Digital portfolios are required for students applying to special programs, such as fine arts, performing arts, and architecture. But what about liberal arts, business, science, engineering, and such? Yes! It’s absolutely a good idea to have a college application digital portfolio to let admissions counselors know who you are. Digital portfolios contain materials such as papers, projects, artwork, or videos. There are six AP courses that require digital components. The Coalition App has a locker feature that allows students to add artifacts of learning and personal growth from the time they’re high school freshmen. And they can upload video files directly. The problem is the Coalition currently has only about 150 members. That’s compared to 900 Common App schools. High school freshmen don’t know which colleges they’ll be applying to and whether they will be Coalition members.
The Common App partners with ZeeMee, a free platform that allows students to upload digital portfolios. More and more colleges are asking for digital portfolios. For the colleges that don’t ask for one, it’s a way for students to set themselves apart. Some sample ZeeMee profiles are available. Let’s face it. A student is more than a set of grades and test scores. A student is three-dimensional. And college admissions at selective colleges tend to be “holistic.” Furthermore, admissions counselors are often young and tech-savvy. And they read thousands of applications. It’s a refreshing change to watch a clever and well-put-together video. However, because they process thousands of applications with transcripts, letters, and essays, they may not look at your portfolio. It’s a worthwhile question to ask in an interview or in an email with your regional representative. Regardless of what schools ask for a digital portfolio or consider it, it’s a good idea to submit one. It shows that you are willing to put in extra effort. You should begin working on it early on in your high school years. Who knows what colleges will want it in two or three years?
Want a Great Video Example?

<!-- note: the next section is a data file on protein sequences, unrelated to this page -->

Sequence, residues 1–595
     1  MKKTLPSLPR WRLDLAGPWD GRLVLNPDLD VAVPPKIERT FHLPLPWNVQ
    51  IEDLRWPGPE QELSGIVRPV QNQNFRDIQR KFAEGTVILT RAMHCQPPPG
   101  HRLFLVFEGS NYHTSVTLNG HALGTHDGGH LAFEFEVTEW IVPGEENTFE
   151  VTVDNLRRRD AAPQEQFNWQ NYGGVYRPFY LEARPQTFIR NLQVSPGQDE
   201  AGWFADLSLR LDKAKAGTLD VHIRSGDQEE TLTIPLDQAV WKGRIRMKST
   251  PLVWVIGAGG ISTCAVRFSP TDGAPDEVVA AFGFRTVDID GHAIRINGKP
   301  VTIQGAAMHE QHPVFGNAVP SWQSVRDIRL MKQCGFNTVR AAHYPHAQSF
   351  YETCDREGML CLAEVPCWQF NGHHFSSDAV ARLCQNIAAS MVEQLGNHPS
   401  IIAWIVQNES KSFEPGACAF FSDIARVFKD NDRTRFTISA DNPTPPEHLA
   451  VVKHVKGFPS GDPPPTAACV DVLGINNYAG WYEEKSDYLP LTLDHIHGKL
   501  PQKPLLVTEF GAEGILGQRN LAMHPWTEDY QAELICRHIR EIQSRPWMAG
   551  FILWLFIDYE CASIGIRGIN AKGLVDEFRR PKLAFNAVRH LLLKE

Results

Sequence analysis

A student at the high school I taught at created a clever and professional-looking video that captured one second of every day over the course of a year of her life. (She posted it on YouTube when she was 18.) It wasn’t for admissions purposes, but it could have been. It’s attention-grabbing. It showed her as a multidimensional and clearly impressive individual. This get-to-know-you video could be linked to college applications, scholarship applications, internship applications, and even job applications. There are other “one-second” videos on YouTube, but this one is the best I’ve seen. My advice is to learn from your favorite YouTubers. The “one-minute-a-day” video is not a one-minute video. The one that’s linked above is a seven-minute video. Some colleges are asking for one-minute videos in place of 450-word essays. Or two-minute videos. (It’s very important to follow their parameters.) One thing you can do is narrate an essay response to a prompt. Regardless of the length of the video, the first seven seconds are vital, according to US News & World Report. Most admission officers will formulate a strong opinion of the applicant in those seven seconds. So make a good first impression. The good news is that, unlike an interview, you get as many takes as you want. In the Common App, your link can go along with your essay or you can put it in the “Additional Information” section. Maybe it won’t get looked at, but many college admissions counselors use that section to distinguish students from each other. Don’t overlook that section. But be careful. In a survey of college admissions counselors, one-third said they saw something troubling in a digital portfolio. Don’t have partying in the video (obviously). No obscene gestures or inappropriate language. Avoid anything political. The same is true, by the way, of all your social media accounts. College admissions counselors will look at the social media accounts of students who are “borderline admits.” You’ve put a lot of time into your high school success. Put some time into a digital portfolio.